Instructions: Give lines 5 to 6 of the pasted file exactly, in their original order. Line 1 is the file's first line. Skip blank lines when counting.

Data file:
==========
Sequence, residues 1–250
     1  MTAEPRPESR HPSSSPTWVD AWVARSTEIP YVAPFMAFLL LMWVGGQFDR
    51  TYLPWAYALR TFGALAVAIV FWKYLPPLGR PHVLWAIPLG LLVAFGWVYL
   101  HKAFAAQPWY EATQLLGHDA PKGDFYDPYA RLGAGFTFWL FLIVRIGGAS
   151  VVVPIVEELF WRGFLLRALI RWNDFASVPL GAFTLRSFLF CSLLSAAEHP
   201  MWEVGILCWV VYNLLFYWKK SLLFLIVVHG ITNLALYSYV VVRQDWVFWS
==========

   151  VVVPIVEELF WRGFLLRALI RWNDFASVPL GAFTLRSFLF CSLLSAAEHP
   201  MWEVGILCWV VYNLLFYWKK SLLFLIVVHG ITNLALYSYV VVRQDWVFWS